Now, however, explicit statements on the issue by the Iranian Ambassador to the IAEA and the language of the new IAEA report indicate that Iran did not reject an IAEA visit to the base per se but was only refusing access as long as no agreement had been reached with the IAEA governing the modalities of cooperation.
Gareth Porter an American historian, investigative journalist and policy analyst on U.S. foreign and military policy.joins Daily Paul Radio with Kurt Wallace for ‘Debunking the Washington DC Voodoo of Anti-Iran Propaganda’ to discuss the build up against Iran by the US Government and the US Media’s failure to report accurately as to Iran’s willingness to comply with the IAEA. He also exposes the power brokers in Washington DC pushing for War with Iran.
It happened at night. Your ascent began with an unpleasant awakening. You could tell she was scared and in pain. Movements occurred faster than reason. Clothes on, car keys found, eyes awake, bodies moving towards the car, road leading to the emergency room. Then, all motion stopped.
A few weeks ago, my 85-year-old grandmother said she and grandpa were disgusted with the field of Republican presidential candidates, but they were considering casting their not-Obama votes for Santorum due to his religious beliefs. Shocked, I asked what their objections were to Ron Paul and she said, “Well, he dropped out! We don’t hear anything about him on the news!”
Michael Steele of MSNBC thinks taxes are voluntary. He claims people are not forced to pay taxes. His position is hopelessly contradictory. Ultimately he admits that force is used and that a forced action is quite different from an unforced action.
Where does the confusion come from? It comes from confusing two concepts that sound alike but are quite different. The first is free will, which is a characteristic that everybody has by nature. It is a characteristic of humans to be able to think or not think, to decide to do something or not do it. We are born this way. The second concept is a free action or voluntary action which means that you take the action free of coercion or threat of coercion. This second concept is important because it differentiates between two very different kinds of actions, those that you are forced to take and those you are not forced to take and thus, take freely. To the extent that you confuse these two concepts(free will and actions you take freely) your thinking will not make sense and you'll end up contradicting yourself. This I think, is what happened to Mr. Steel.
As I have mentioned previously, Mr. Steel should be commended for being willing to have his views examined. I appreciate his openness and willingness to reason. Ultimately, a willingness to reason is the best chance all of us have to rid ourselves of mistaken thinking. Part 3
Despite his big-government record as a governor, Mitt Romney has run for president as a conservative who would allow the free market to work. To bolster his credibility, he points to his success as CEO of Bain Capital. Romney led that company to become one of the largest and most successful private equity investment firms in the nation.
Many of his supporters have been able to look past the fact that he consistently raised taxes and pioneered Obamacare in Massachusetts because of this private sector success. They echo Romney’s argument that “the government should be run like a business” and believe that only a proven, successful businessman can do the job.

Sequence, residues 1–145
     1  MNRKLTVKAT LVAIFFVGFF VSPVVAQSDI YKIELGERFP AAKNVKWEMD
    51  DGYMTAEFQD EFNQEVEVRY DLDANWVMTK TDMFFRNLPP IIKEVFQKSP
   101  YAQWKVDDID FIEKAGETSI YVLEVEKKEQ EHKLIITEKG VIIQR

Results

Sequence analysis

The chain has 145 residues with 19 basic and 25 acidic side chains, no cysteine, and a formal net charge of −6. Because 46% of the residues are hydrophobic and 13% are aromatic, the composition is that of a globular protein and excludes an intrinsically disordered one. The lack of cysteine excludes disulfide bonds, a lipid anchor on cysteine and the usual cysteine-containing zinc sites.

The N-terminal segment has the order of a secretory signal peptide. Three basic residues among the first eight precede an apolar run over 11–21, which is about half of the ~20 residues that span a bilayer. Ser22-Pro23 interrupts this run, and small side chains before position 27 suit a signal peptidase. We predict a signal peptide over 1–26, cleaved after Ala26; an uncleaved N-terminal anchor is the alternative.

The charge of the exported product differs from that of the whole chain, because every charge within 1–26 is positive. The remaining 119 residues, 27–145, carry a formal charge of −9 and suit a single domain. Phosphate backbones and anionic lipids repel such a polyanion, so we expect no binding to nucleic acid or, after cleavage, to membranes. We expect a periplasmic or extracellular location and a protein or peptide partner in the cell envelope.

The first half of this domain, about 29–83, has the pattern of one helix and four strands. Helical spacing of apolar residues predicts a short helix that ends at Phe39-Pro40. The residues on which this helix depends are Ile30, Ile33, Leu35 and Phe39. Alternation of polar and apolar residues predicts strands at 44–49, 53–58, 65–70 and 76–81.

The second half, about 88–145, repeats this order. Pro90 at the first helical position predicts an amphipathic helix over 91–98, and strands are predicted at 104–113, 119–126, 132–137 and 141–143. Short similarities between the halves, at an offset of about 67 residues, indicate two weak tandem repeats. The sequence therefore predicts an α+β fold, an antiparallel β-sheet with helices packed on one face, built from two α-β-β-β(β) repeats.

There are two problems here. The first is that history has already shown that successful businessmen are terrible for the free market whenever they get anywhere near government power. The second is that government cannot ever be run like a business. Its very nature makes that utterly impossible.
Regarding the first problem, one need only study the 19th century. If you don’t like the progressive movement, you can thank the 19th century Republican Party for creating the conditions that led to its birth.
Tuesday, February 28th marks the next phase in the GOP election process, with the primaries in Arizona and Michigan. It is becoming clear to many that the likelihood of an open convention is increasing. A "brokered" convention and an "open" convention are two very different things, and this has been miss-reported by the major media. Of note is that both of these states will pay a penalty of half of their Delegates due to the date of their elections. First, on to Arizona!
Arizona has 29 Delegates available after the penalty for holding their primary early. This is a closed primary. It is unclear as to the final method of compliance with RNC rules (a state holding a primary before April 1st is required to award Delegates proportionally) but as it stands, all 29 Delegates go to the popular vote winner, and are bound for the 1st ballot at the National Convention. Here is the official Arizona Republican Party Bylaws.
Michigan losses half of their Delegates due to the date of their primary. They will award 30 Delegates proportionally based on the following formula: 28 Delegates come from the 14 Congressional Districts (2 per District) and are awarded to whoever gets the most votes in that District. The remaining 2 Delegates are "State" Delegates and are awarded proportionally, with a threshold of 15% to be eligible (which means that the party is trying to skirt the proportional rule and be a winner take all state). All 30 Delegates are bound for the 1st ballot at the National Convention.